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How to cope with anxiety and stress ahead of the presidential election

Posted at 5:14 PM, Oct 14, 2020
and last updated 2020-10-14 18:08:48-04

TAMPA, Fla. — Nov. 3 is right around the corner, and this year Dr. Sheriece Sadberry, a local psychologist, says more people that have sought her help feel anxious.

“A lot of it stems from the uncertainty and not feeling like you’re in control of what’s gonna happen,” she said.

Sadberry says with the amount of information out there, people feel helpless.

“They feel overwhelmed and then they feel helpless like these issues are so huge and I can’t do anything," she said.

Which is why she says to focus on what you can control in your life, even if it feels small.

“Sometimes we have to accept our limitations and be OK with our limitations,” she said.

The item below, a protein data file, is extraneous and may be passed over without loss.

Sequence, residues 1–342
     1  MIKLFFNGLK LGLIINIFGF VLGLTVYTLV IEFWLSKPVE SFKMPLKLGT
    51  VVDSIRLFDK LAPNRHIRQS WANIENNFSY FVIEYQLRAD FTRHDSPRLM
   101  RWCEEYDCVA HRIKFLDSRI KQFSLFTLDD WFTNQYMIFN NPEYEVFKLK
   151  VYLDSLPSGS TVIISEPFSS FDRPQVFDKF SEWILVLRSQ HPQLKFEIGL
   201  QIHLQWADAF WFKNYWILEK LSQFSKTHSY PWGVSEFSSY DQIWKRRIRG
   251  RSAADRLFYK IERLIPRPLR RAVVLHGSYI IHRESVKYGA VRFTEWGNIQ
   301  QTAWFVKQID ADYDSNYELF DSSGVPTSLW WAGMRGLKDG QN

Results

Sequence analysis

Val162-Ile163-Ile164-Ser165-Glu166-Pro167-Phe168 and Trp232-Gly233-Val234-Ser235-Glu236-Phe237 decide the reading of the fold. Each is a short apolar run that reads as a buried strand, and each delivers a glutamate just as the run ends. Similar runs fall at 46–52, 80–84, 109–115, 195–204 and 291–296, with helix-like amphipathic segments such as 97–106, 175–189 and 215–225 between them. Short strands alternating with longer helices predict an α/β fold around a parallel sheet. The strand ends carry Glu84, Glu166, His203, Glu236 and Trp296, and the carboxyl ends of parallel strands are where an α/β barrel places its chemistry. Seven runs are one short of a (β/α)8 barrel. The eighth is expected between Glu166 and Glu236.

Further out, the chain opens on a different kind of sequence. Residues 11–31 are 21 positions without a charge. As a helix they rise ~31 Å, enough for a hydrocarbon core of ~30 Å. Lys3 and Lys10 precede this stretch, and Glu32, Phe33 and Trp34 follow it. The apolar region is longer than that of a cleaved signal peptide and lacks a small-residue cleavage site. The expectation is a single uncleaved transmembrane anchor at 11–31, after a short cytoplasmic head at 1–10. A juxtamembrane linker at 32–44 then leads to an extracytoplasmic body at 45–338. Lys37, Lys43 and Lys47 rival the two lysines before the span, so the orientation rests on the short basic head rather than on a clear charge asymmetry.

She suggests people should start by limiting how much time they spend on social media.

“Limit to like an hour that week, the information is not changing that rapidly that you need to check it every single day,” Sadberry said.

Next, find a hobby that makes you happy, play games to pass the time, or go on a drive to clear your mind.

She says meditation is also a good way to help redirect your focus. Plus, make sure you are eating and sleeping.

“Those are the two basic things that as a human being we need to do,” she said. “And those are the two things we stop doing when we get stressed or overwhelmed.”

Also, set boundaries with people who share different viewpoints but challenge yourself to have conversations about commonality.

Sadberry believes that’s what will help people bridge the divide.

Also, she says people shouldn’t be afraid to talk to someone.

“If you notice that there are any changes in your behavior or you’re just starting to think and feel overwhelmed and things just feel different for you — that’s when I would say go seek help,” she said.

Taking a proactive approach to mental health to set things straight before you hit crisis mode.